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All the Perl that's Practical to Extract and Report

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  • book of all the most frequently annoying questions and criticism of the CPAN and post it somewhere...not that it would ever get read, but at least I'd have cut and paste.

    Nobody ever asks why there are 15 different mustards to choose from in the grocery, so I'm never quite sure why people get fussy about the selection on CPAN unless a) they have a module that fits in a namespace they want but is already taken or b) think everyone elses' module is shite save for theirs. It's a free archive...pick and choo

    • I should expose a few things up front. I run Perl Training Australia [perltraining.com.au], and my full-time job for the last five years has been teaching people how to use Perl. I've got a good idea what newcomers to the language like, and what they don't like.

      They don't like the CPAN. They absolutely adore it. One of the best parts of running an introductory course is letting our students play with the CPAN. It's very rare for a student not to find a module that directly helps them with their day-to-day work, with their leisure activities, or most often both. Everyone loves the CPAN.

      What they sometimes find frustrating is when "just want a module that does X", and their CPAN search reveals hundreds of results. Reading through (and testing!) all the options takes a lot of time, and isn't necessarily going to be a productive way of solving their task, so how do they make a decision?

      The other thing about the CPAN is that there are some really life-changing modules out there. Finding Class::DBI / DBIx::Class changed my life. So did WWW::Mechanize. As someone new to Perl, you may be unaware of these modules. You may not have even thought about searching for them. How do you go looking for something you don't even know exists?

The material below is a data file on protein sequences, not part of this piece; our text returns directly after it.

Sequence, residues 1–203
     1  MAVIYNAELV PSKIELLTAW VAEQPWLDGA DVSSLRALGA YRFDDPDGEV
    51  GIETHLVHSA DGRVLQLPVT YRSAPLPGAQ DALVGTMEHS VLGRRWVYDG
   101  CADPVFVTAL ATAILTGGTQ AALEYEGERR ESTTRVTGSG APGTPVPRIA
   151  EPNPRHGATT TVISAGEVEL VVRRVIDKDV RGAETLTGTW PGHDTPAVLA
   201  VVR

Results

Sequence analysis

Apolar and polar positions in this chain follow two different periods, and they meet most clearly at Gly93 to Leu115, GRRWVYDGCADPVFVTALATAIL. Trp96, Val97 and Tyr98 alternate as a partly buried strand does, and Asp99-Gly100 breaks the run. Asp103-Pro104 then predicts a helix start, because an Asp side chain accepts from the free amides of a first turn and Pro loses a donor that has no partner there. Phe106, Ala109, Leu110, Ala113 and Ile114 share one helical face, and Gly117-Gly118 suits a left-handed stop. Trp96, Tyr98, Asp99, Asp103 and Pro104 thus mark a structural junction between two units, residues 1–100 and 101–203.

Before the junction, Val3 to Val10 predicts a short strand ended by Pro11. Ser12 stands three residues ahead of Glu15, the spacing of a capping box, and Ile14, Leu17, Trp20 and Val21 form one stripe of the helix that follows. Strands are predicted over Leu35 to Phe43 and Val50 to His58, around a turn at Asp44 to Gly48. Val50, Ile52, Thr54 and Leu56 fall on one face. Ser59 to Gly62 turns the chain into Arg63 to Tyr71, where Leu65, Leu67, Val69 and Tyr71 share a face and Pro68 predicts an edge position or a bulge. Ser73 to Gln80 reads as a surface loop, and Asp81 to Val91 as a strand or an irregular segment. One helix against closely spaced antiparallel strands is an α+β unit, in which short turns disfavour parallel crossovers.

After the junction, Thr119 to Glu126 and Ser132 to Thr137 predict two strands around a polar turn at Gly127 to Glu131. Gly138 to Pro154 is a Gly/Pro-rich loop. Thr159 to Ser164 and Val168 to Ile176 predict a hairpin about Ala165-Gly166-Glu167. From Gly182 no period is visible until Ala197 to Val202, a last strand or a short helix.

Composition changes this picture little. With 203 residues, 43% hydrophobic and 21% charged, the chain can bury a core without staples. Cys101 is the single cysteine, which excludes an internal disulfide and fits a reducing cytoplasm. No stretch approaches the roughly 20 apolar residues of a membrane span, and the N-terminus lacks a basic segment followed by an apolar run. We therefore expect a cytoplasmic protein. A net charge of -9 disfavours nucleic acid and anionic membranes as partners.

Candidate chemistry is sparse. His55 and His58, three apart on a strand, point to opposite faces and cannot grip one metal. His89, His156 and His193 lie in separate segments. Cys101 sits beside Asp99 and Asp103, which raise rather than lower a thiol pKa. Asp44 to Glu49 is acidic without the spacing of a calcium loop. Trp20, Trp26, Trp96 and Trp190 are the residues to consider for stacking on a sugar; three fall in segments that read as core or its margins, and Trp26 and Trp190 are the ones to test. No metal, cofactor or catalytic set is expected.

These two questions arise all the time in our training courses, and are also common questions at the conferences and user-groups I attend. I have two standard responses:

      The first is to become active in the Perl community. That can be perlmonks, your local Perl Mongers group, or some other way of keeping in contact with others who use Perl. Very often these communities will be able to provide excellent answers to questions like "which XML module should I use", or "what's your favourite Perl module?".

      My second response always seems to point to the Phalanx 100 [perl.org]. These are the CPAN's most commonly downloaded and tested modules. Lots of people are using them. In the absence of other factors, picking a module from the Phalanx 100 is usually a good choice.

      The majority of people to whom I teach Perl are already software developers, and they already have a degree or industry experience. However as Adam has mentioned, teaching Perl at a University level is a different matter.

      University students, in the vast majority of cases, are more interested in getting good marks than exploring the possibilities of choice or doing things "the best way". Your grades are what get shown on your academic transcript, and what your techers, parents, peers, and potential employers see. Having four modules for roman numerials doesn't fill you with joy, it just makes the assignment harder.

      There will always be exceptions to this. Some students will be truly interested in the subject, and really there for the joy of learning and discovering. However most will just want the grades, and some will only be doing the subject as it's a pre-requisite for something they'd rather be doing.

      I don't have a good solution to this one. I can say that teaching Perl in the later years of a degree can help, since by this time students already have a wider exposure to languages and ideas.

      Cheerio,

      Paul